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Mickey

As founder of GreenBuying.co.uk I have always been focused on two simple beliefs: first, that organisations create the biggest carbon a...

London's Southbank will feature a new landmark building following the approval of a planning application to redevelop York House. The 18 storey crystalline office block, designed by Sheppard Robson, commissioned by Delancey and situated on the River Thames, will be highly visible from Parliament Square and Westminster Bridge.

The architects have creating a bold but beautiful glazed-design which reflects light in an array of colours due to the formation of layered glass. 'What makes the building special is the double skin and layering of the glass which works with the materials to reflect and diffuse light throughout and from the building,' said Ardill. A 'dragonfly wing' effect is created by the layering which was designed to dissolve the edges of the glass so as to use it as a feature. The outer skin is a deformed grid that pulls against diagonal fins to create a series of small pyramids contributing to the jewel concept. This gives crystalline reflections and animates the fašade as the sun moves around it. Dichroic glass fins add changing colour to the building fašade throughout the day.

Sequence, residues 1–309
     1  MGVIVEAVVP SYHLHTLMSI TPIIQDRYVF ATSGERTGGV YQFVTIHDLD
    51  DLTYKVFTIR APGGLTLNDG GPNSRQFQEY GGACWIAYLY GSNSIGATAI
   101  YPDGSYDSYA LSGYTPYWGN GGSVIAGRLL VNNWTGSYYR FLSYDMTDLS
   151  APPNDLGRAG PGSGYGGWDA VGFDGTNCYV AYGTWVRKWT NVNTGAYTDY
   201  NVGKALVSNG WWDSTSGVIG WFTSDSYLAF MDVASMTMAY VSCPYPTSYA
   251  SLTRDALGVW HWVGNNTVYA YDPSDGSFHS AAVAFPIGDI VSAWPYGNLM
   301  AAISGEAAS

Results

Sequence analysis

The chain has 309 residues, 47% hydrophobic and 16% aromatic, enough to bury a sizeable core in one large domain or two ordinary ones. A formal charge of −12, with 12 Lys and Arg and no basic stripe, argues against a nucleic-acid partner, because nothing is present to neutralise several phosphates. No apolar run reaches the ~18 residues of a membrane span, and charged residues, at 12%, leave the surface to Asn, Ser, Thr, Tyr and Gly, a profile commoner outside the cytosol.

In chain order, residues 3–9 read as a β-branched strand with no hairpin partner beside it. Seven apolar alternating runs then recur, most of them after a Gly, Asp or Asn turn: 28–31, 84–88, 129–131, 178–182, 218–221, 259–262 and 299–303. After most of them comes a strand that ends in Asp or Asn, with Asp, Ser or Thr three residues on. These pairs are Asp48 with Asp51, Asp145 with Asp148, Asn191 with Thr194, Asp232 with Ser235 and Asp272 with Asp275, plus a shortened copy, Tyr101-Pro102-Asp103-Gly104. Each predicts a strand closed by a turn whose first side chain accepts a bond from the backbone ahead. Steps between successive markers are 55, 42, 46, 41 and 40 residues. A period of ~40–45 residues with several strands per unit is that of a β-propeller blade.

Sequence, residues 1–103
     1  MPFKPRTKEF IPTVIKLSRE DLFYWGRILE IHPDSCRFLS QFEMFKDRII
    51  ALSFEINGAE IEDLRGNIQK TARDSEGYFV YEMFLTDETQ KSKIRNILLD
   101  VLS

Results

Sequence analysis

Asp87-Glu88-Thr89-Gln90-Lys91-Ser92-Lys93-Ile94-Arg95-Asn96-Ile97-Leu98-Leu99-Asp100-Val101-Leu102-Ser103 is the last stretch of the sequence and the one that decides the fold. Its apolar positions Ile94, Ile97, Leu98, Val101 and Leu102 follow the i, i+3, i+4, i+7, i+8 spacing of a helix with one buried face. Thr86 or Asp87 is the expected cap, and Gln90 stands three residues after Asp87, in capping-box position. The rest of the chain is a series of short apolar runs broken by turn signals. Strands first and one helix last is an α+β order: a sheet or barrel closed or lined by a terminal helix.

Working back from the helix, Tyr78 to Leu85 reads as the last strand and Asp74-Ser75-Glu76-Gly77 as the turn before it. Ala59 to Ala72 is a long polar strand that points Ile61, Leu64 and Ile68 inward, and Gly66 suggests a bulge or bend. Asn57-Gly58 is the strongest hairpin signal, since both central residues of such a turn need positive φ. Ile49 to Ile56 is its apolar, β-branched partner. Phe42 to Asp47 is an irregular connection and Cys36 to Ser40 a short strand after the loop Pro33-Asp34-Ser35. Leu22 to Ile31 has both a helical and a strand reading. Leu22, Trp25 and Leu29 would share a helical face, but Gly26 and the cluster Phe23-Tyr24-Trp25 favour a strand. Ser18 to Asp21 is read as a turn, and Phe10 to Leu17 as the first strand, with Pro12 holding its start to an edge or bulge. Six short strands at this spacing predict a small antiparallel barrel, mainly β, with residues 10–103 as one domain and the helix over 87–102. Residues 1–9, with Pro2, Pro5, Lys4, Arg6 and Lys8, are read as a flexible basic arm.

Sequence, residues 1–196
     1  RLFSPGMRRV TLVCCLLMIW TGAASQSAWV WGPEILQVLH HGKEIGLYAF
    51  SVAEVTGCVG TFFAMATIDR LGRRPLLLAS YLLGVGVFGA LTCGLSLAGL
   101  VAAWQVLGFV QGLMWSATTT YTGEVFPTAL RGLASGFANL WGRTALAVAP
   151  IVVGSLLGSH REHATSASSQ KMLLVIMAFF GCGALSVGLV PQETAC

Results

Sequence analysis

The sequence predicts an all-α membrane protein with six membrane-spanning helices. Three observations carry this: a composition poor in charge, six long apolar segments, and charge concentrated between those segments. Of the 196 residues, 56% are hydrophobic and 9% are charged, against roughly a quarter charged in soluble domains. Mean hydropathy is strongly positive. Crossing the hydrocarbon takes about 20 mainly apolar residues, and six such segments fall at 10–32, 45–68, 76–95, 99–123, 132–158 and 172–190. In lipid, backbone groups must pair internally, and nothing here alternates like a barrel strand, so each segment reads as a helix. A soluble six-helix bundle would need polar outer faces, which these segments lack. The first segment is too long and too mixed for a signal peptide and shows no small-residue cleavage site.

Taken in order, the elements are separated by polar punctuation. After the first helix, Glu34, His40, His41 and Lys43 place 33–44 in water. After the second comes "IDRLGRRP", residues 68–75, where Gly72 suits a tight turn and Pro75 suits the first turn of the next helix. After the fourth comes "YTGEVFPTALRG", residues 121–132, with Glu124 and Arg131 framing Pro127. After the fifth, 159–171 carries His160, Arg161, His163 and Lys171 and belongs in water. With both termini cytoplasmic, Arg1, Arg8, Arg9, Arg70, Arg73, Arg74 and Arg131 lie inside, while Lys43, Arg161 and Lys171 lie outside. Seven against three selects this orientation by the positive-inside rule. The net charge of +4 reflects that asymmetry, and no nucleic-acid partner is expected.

The glazing acts as a response to that which is central to the building's location: the view. Delancey wanted to make the most out of the riverside views out to parliament. This was accommodated by a 10,000 sq ft roof terrace and full length glazing to the front of the building. Issues of temperature control and heat loss then came into play encouraging the inclusion of a layered glass frontage which in turn will offer an 'environmental buffer' between the inside and outside and collect heat for energy.

Sustainability is key to the design which is currently set to receive an excellent BREEAM, the British environmental standard, rating. It is hoped that the building will be able to work in conjunction with the residential development Founders House to deliver heating to the properties collected from Westminster Place.

A further notable design feature of the 345,000 sq ft building is the central atrium reaching from floor to ceiling through 17 floors providing an internal spectacle which will bring light to all sides of the office space.

Ardill said: 'We are delighted to receive planning consent and the opportunity to bring a landmark building to the skyline of London's iconic Southbank. Sheppard Robson recognised the importance of a design that sits comfortably in the context of its surroundings, yet has the charisma and visual presence to justify its development in such a prominent area of Central London.'

ENDS

Source: www.worldarchitecturenews.com

Article Date: 11 August 2008

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